Teeing it up for the first time as the No. 1 in the LPGA’s Rolex Rankings and playing in her home country at the Corona Morelia Championship in Morelia, Mexico, Lorena Ochoa couldn’t ice the cake with a storybook win, but she did birdie the final hole to tie for second with Julieta Granada at 18-under 274.
The player who ruined Ochoa’s homecoming was Silvia Cavalleri, who shot a 20-under 272 courtesy of a final-round 66 that featured seven birdies and no bogeys. It was the first win for Cavalleri, a 35-year-old from Italy, and the first LPGA victory for an Italian.
After a lackluster 74 in the second round, Ochoa climbed back into contention last Saturday with a course-record nine-under 64, during which she made eight birdies and an eagle. “I knew I needed to go low to put myself in position,” Ochoa said.
The 64 placed her in a tie at 13 under with Cavalleri and Granada entering the final round, but while Ochoa shot 68, she could not keep pace with Cavalleri. Not that it was all bad for Ochoa. She received a visit from President Felipe Calderon Hinojosa of Mexico, who watched the final holes before presenting Cavalleri with the winner’s trophy and Ochoa with a plaque commemorating her rise to No. 1.
“I would have loved to win the tournament in front of him,” said Ochoa, “but I appreciate it very much.”
For Cavalleri the president was just one more Ochoa supporter to block out. Something she did with a hot putter and a wise strategy, which she described as “attack when I think it’s the moment and be conservative when I think I need to be conservative.”
With a check for $195,000 tucked into her back pocket, Cavalleri doesn’t have to be conservative anymore.
Last week 8,544 golfers entered the U.S. Open, but Michelle Wie was not one of them.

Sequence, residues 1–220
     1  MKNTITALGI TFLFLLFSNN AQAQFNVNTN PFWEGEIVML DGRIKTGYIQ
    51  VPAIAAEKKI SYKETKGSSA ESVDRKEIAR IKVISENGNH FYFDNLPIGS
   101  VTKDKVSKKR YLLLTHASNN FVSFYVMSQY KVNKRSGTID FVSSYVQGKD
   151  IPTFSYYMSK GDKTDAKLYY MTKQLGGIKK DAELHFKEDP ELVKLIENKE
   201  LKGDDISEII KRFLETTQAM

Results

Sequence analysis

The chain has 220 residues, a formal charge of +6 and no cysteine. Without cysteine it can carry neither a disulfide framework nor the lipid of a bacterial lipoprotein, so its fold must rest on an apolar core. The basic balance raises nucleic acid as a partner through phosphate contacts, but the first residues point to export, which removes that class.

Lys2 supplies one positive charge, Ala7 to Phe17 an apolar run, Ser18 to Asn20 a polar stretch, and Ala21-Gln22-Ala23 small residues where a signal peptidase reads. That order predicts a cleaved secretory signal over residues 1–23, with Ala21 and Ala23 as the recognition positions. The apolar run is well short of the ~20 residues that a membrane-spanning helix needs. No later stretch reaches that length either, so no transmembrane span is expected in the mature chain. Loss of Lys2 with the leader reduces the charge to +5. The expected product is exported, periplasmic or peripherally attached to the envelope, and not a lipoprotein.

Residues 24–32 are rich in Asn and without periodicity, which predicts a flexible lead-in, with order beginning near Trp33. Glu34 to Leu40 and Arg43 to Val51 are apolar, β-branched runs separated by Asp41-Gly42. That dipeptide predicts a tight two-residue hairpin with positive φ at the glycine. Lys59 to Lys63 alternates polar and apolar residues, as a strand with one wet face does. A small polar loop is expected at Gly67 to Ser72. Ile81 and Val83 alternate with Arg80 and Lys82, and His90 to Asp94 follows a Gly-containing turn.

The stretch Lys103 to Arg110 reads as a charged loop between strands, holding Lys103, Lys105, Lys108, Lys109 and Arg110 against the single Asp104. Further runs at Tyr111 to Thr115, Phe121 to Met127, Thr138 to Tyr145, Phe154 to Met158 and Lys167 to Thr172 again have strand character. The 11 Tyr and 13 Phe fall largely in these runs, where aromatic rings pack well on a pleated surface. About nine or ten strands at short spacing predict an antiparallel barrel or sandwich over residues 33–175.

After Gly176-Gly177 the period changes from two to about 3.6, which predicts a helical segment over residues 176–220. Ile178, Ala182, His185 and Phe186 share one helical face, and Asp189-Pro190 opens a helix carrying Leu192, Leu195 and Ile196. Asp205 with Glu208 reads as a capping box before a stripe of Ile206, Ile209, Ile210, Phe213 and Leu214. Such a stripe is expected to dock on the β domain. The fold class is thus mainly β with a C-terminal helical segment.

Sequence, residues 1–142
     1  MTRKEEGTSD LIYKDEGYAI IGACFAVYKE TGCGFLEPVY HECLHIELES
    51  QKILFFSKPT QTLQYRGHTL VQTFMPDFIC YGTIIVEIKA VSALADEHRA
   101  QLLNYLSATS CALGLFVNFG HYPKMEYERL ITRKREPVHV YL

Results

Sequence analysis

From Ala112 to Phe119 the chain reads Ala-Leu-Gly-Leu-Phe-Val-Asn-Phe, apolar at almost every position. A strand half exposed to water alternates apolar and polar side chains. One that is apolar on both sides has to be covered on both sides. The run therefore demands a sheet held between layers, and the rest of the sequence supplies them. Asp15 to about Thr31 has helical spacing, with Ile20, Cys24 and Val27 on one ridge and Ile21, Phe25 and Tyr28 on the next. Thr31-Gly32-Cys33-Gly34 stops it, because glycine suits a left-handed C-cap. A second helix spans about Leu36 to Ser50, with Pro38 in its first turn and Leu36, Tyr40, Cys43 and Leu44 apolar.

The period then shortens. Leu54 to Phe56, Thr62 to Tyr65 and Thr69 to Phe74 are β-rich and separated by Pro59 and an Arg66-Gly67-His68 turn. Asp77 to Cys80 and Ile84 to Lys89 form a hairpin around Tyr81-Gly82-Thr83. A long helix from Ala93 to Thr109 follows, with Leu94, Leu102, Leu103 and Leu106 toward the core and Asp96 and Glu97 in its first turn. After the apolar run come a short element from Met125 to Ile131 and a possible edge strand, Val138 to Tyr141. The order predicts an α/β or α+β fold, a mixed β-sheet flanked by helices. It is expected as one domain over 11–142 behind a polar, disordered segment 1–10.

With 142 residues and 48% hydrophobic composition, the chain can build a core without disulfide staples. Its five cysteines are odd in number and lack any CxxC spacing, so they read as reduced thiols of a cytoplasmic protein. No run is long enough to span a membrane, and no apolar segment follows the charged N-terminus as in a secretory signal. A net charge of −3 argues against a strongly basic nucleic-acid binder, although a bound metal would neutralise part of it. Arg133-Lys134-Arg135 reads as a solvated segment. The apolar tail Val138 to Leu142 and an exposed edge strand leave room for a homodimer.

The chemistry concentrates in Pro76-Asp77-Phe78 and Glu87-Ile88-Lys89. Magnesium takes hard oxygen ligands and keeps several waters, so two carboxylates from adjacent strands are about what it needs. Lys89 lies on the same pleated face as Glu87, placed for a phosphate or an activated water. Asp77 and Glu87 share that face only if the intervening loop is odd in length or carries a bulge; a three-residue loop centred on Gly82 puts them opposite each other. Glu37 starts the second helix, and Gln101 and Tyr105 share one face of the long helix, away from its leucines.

After narrowly missing in the sectional qualifier last year, Wie had vowed that she would try again. That was before the 17-year-old injured her right wrist in February. Wie has not played competitively since then and plans to make her first start at the LPGA Ginn Tribute, which begins on May 31.
Wie would’ve had to go through local and sectional qualifying to get into the men’s Open. The first local qualifiers began on May 2.
Take Him to the Bank?
John Daly has reportedly been paid to play on a foreign tour four times in the last 15 months. Last week was the first time he stuck around for four rounds.
Abu Dhabi Championship Euro 1/20/06 MC
Deutsche Bank Players Euro 7/28/06 MC
BMW Asian Open Euro 4/20/07 MC
Pine Valley Beijing Open Asian 4/29/07 29th
Same Name Game
When Lisa Fernandes Monday qualified for the Corona Morelia Championship and then found herself near the top of Thursday’s leader board after shooting a four-under 69, she was asked to clarify the spelling of her name.
“Lisa Fernandez is a member of the U.S. Women’s softball team and spells her name with a “Z,” the golfer explained. “Now people confuse me with her. One guy actually came up to me and wanted to shake the hand of an Olympic athlete. I had to tell him that he hadn’t done it yet.”
Fernandes, who wound up finishing 52nd, 20 shots behind Cavalleri, should be happy she shares a name (soundalike, anyway) with a famous athlete. European tour player Stuart Little, who finished ninth at last week’s Open de Espana, bears the same moniker as the main character of the E.B. White classic, who’s a mouse.
Nick Flanagan, the 22-year-old Australian who won the 2003 U.S. Amateur at Oakmont Country Club, took his first professional title on Sunday, winning the Nationwide tour’s Henrico County Open in Richmond.
After shooting a 13-under 275, Flanagan won a four-man playoff, eliminating Bryn Parry on the third extra hole. The real prize? The victory pushed him from 33rd to eighth on the Nationwide money list. The top 25 finishers earn 2008 PGA Tour cards.